Music

A conversation with Colleen Green

By June 25, 2019 No Comments

Colleen Green
Photo courtesy of Colleen Green

 

By Margaret Welsh
margaret@pittsburghcurrent.com

 

In 2015, Colleen Green laid bare her soul with “I Want To Grow Up.” That record recalled the deceptively simple, almost frustratingly relatable songwriting of “Exile in Guyville”-era Liz Phair, but also held true to Green’s punk roots: her plain-spoken narratives are Ramones-esque and the record title itself was a wink to fellow Californians, the Descendants. Green, who comes to the Funhouse at Mr. Smalls on June 28, is planning to record a new record in July. “I’m getting tired of strumming so much and have been writing songs with more lead guitar,” she told the Current via email. “’I Want To Grow Up’ was very lyrically draining for me so a lot of my new songs are more instrumental.”

 

You just released a track-by-track cover of Blink-182’s Dude Ranch on Burger Records. How did that project come about, and can you tell me about your relationship to that record and what you learned from delving into it?

I just had some time to kill several years ago and just decided I would do it. I started the project in 2012 and came really close to completing it, but lost all the files when my computer crashed. After that, I was so depressed and discouraged that it took me a few years to start it up again, but I was determined. 

The original record played a big role in my development as a musician and as a person. I was obsessed with Blink-182 for years after first seeing the video for “Dammit” on MTV. They were a band that [my friends and I] loved and we wanted to be like them.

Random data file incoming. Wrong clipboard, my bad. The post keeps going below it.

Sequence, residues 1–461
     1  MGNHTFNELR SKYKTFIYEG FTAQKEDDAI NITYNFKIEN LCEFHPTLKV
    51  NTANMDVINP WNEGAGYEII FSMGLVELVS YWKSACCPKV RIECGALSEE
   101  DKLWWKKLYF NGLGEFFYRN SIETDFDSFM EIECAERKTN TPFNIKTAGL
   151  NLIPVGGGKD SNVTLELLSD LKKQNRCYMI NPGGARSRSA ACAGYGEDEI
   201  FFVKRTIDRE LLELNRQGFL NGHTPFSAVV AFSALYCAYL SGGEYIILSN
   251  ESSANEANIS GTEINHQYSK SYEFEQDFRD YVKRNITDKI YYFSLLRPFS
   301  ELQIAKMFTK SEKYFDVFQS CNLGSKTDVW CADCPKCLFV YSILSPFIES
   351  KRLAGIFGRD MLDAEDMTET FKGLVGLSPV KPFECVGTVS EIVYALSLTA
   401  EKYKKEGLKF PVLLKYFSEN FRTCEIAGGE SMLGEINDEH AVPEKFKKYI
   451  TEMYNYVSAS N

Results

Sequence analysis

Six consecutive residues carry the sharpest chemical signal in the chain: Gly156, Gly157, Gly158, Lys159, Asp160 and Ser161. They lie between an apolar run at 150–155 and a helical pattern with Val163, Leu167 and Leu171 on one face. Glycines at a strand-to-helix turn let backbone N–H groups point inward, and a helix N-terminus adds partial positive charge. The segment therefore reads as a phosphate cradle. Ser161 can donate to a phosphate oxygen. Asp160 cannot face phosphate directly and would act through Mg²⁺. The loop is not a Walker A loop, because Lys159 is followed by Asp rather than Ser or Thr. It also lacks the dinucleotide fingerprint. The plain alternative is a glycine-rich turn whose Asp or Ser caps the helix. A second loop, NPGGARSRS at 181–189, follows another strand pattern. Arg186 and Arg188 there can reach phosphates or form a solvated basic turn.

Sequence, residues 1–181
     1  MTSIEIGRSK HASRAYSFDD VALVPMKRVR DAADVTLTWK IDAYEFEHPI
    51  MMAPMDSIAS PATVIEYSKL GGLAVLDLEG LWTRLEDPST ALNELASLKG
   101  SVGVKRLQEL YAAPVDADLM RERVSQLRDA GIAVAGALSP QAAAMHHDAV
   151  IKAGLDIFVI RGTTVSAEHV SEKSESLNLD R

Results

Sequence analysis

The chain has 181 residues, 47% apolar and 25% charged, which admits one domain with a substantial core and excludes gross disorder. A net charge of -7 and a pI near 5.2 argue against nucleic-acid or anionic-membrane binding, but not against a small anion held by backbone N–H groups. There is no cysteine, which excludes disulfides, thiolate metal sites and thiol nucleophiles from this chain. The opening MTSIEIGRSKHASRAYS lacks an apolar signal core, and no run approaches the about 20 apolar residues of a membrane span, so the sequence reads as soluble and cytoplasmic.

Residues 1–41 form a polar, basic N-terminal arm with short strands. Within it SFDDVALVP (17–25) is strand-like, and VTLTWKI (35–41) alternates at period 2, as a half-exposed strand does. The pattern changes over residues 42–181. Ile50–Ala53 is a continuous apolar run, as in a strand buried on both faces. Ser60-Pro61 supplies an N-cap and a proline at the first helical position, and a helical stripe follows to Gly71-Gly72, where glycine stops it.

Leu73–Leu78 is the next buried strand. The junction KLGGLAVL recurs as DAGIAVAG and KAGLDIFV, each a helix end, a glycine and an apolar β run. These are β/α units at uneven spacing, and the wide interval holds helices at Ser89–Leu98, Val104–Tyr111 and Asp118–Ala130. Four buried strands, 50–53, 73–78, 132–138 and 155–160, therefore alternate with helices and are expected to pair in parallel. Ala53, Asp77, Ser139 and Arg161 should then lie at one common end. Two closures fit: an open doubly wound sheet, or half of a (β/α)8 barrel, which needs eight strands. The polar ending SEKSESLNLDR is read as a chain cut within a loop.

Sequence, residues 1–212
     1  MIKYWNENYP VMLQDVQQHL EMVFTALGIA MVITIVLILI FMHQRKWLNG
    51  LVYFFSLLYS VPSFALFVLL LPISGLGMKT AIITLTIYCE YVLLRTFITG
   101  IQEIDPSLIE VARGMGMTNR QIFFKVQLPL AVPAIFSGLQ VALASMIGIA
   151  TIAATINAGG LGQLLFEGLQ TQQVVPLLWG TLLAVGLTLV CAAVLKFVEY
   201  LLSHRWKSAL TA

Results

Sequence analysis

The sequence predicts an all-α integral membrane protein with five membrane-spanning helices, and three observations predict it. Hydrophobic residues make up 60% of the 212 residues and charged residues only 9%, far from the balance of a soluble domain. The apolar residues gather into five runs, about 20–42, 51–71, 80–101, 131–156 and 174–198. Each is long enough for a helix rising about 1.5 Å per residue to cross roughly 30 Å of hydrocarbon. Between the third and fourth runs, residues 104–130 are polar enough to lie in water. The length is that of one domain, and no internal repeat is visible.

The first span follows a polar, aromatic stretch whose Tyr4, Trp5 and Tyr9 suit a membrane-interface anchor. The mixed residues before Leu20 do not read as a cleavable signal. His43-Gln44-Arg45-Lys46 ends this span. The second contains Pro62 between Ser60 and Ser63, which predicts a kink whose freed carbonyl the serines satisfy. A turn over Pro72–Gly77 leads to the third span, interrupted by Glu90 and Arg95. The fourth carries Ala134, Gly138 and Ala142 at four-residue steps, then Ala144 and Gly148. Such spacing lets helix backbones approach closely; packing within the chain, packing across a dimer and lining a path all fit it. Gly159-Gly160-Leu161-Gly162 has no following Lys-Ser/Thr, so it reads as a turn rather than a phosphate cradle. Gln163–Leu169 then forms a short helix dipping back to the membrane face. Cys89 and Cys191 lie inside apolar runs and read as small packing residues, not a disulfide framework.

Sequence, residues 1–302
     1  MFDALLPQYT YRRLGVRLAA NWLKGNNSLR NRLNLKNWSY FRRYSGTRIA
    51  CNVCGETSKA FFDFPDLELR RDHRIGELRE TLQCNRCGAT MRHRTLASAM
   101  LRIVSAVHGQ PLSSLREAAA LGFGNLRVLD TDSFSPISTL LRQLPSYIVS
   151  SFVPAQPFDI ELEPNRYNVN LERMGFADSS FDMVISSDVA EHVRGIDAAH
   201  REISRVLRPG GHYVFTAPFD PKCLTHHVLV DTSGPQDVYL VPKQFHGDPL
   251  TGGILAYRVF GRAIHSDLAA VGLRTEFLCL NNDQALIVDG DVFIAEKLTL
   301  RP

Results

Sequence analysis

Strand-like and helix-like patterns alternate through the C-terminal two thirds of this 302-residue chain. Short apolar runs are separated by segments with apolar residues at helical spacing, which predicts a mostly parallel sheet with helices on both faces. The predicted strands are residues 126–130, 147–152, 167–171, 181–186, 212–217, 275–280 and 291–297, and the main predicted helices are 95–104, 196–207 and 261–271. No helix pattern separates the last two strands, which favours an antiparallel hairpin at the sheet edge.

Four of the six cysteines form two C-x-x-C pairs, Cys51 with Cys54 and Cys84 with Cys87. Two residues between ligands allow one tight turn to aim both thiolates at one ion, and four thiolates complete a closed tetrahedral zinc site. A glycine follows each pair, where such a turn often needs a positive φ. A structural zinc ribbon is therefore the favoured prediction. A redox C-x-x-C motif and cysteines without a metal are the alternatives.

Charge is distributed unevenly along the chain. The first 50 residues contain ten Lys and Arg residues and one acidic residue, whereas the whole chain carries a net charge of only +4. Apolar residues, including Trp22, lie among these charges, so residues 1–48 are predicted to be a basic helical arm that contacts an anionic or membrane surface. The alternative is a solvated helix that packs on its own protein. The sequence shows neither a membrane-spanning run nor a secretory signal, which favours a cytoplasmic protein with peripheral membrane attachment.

Through covering the record I learned that a lot of it was way harder to play than I realized, even at 70 bpm. I’m sure Blink-182 has been dismissed as a shitty pop punk band, even by themselves, but each member is incredibly talented and they had amazing chemistry as a unit. 

 

I’m thinking of different conversations I’ve had with other woman about your music. One of my friends felt a deep connection with “TV,” another listened to “Deeper than Love” on repeat after a bad break-up. I often sing “Whatever I Want” in my head when I’m feeling trapped by life. Is it odd to have other people (especially strangers) relate so heavily to your personal thoughts and experiences? 

It doesn’t feel odd to me. I’m compelled to put my all into lyrics when I think that people will be able to relate to them. Those have always been my personal favorite type of lyrics. I also acknowledge that I’m no enigma. I’m just a normal person from a normal place living in a time when many of us share thoughts, ideas and experiences. 

 

Do you ever regret putting yourself out there in your lyrics?

Yes

 

I assume you’ll be playing older stuff on this tour, what is it like to revisit those songs years after writing them? Do you connect to your past self, or does it feel like playing someone else’s song?

I am playing older stuff and I find myself becoming somewhat embarrassed by some of it. This is stuff I wrote 10 years ago, and I do feel like I was a different person then, going through a lot and just trying to get my shit sorted. Now I’m in my mid-30s and feel like I do have my shit sorted and I’m chilling pretty hard at this point. But I’m still proud of anything I’ve ever created and I’ll never be ashamed of writing a song that people liked. 

 

COLLEEN GREEN with DRESSY BESSY, POTTY MOUTH. 8:30 p.m. Friday, June 28. The Funhouse at Mr. Smalls. 400 Lincoln Ave., Millvale. $12-15. www.mrsmalls.com

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